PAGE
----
October can be a volatile month for equities. Since 1984, seven of the 10 largest one-day falls in the market have occurred in October. The largest fall happening on 20 October 1987 when the FTSE 100 Index fell 12.2%. And since 1970 the average month return for the stock market has been 0.4% ranking October 9th of the 12 months. So, this would appear to bode ill for investors in October.
However, if you look at the accompanying chart you will see why averages don’t tell the whole story and how things have changed in recent years. For example, since 1992 the market has only fallen in five years (and two of those of year were the exceptional years of 2008 and 2009). And since 2000 the average stock market return for month has been 1.7%, making it the second best month for equities after April.
The strength of equities in October may not be unconnected with the fact that the strong six-month period of the year starts at the end of October (part of the Sell in May effect) and investors may be anticipating this by increasing their weighting in equities during October. But while October, therefore, should be regarded as a good month for shares, any occasional weakness in the month can be severe.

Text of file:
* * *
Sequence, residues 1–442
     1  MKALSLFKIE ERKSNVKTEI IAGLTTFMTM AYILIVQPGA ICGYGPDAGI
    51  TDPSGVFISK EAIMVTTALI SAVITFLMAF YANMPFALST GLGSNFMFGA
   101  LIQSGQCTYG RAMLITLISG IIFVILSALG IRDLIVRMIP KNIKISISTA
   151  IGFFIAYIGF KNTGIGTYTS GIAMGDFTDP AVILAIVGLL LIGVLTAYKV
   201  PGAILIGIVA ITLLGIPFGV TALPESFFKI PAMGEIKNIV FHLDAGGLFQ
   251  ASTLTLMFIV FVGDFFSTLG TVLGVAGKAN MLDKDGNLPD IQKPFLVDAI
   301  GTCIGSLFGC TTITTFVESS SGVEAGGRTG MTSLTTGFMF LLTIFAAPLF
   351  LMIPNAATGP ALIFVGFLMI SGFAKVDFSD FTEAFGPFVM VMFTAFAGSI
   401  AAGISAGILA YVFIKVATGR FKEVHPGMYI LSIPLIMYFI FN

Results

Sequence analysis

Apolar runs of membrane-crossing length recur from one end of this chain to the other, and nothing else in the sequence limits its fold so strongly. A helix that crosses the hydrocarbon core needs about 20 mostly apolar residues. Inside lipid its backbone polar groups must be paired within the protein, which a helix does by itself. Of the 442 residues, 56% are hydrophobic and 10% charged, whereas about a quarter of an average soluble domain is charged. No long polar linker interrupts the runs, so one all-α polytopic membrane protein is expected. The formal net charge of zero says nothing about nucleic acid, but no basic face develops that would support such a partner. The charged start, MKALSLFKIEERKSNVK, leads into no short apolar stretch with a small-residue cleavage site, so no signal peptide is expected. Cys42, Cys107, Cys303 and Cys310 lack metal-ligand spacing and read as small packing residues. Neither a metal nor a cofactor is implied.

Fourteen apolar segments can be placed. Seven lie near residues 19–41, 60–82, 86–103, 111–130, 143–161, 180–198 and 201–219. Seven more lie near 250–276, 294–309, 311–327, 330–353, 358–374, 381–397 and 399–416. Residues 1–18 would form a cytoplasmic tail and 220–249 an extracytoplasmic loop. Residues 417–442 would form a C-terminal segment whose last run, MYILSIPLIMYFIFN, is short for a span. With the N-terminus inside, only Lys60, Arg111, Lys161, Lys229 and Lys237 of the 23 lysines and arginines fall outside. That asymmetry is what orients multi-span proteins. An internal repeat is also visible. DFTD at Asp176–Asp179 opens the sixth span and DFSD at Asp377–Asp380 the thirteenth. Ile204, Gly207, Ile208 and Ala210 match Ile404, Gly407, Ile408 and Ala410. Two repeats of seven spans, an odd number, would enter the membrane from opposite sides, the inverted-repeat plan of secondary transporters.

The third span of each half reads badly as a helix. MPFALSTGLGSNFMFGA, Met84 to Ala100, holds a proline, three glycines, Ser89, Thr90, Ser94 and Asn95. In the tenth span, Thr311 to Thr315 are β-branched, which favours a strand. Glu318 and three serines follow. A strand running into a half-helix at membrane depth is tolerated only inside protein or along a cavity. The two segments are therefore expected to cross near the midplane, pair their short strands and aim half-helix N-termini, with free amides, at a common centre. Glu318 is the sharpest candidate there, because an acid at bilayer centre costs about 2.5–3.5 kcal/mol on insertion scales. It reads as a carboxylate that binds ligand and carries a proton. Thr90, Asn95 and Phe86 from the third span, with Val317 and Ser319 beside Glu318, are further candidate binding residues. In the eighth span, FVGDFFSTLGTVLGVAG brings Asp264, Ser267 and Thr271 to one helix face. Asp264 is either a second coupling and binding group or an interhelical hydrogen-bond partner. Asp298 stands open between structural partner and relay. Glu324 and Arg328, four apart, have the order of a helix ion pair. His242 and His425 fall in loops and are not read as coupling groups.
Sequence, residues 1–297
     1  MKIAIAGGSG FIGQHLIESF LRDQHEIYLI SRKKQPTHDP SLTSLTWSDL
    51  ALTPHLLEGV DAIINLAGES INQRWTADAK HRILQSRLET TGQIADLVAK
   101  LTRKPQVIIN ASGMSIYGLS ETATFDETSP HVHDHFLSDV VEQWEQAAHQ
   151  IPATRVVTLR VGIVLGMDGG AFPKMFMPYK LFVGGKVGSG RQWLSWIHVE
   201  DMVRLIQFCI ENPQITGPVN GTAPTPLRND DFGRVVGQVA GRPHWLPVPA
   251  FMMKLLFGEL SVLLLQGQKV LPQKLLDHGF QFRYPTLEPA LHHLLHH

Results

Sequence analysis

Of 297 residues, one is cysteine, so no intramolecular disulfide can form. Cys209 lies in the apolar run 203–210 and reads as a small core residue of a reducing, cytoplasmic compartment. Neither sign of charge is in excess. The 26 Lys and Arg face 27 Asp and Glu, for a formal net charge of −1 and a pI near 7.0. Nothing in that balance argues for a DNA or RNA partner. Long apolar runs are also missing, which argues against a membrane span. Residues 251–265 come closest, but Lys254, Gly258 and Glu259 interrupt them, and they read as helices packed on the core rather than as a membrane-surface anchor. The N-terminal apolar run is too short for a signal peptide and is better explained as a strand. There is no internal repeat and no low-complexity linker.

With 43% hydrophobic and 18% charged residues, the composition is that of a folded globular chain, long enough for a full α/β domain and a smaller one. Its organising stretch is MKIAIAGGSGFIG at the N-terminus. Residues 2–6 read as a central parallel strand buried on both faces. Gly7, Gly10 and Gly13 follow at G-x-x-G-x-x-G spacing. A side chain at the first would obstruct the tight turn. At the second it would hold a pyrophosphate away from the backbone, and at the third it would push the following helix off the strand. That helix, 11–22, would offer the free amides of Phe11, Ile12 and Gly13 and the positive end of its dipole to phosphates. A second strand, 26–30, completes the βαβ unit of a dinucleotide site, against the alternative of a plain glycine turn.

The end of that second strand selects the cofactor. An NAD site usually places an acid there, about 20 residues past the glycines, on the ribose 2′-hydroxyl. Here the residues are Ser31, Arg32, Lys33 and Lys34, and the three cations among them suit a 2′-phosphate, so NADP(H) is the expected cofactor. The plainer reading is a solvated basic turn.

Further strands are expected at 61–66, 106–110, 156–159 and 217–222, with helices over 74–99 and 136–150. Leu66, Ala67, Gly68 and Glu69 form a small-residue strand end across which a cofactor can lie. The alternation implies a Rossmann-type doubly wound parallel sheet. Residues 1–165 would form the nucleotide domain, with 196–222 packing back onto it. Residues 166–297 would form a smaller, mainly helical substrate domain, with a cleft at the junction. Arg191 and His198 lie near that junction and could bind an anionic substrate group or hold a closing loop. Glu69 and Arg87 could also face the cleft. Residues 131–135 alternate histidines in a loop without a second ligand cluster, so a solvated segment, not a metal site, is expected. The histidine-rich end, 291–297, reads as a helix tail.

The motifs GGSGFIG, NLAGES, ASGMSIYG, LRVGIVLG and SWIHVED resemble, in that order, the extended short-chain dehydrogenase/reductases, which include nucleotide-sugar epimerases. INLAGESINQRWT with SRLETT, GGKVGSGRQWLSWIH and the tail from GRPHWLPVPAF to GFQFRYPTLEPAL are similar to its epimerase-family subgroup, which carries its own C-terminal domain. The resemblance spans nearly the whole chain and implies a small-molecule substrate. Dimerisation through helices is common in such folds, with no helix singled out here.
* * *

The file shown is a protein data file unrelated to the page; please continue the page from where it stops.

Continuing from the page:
The average October
In an average month for October the market tends to rise in the first two weeks, then to fall back, before a surge in prices in the last few days of the month (Sell in May effect aka Halloween effect again!)
The month is one of only two months (the other is September) that FTSE 100 stocks tend to out-perform the mid-cap FTSE 250 stocks – since 1986 the FTSE 100 Index has on average out-performed the FTSE 250 Index by 0.7 percentage points in October.
Dates to watch out for this month are: 7 Oct – US Nonfarm payroll report (anticipated), and 13 Oct – MPC interest rate announcement at 12 noon.
And, finally, for connoisseurs of market anomalies, here’s a good one. An old Wall Street adage goes, “Sell before Rosh Hashanah; buy before Yom Kippur”. This observation was first made for the London market in 1915, and research shows it would still seem to apply in both the UK and US markets. Rosh Hashanah falls on 2 October and Yom Kippur is on 11 October.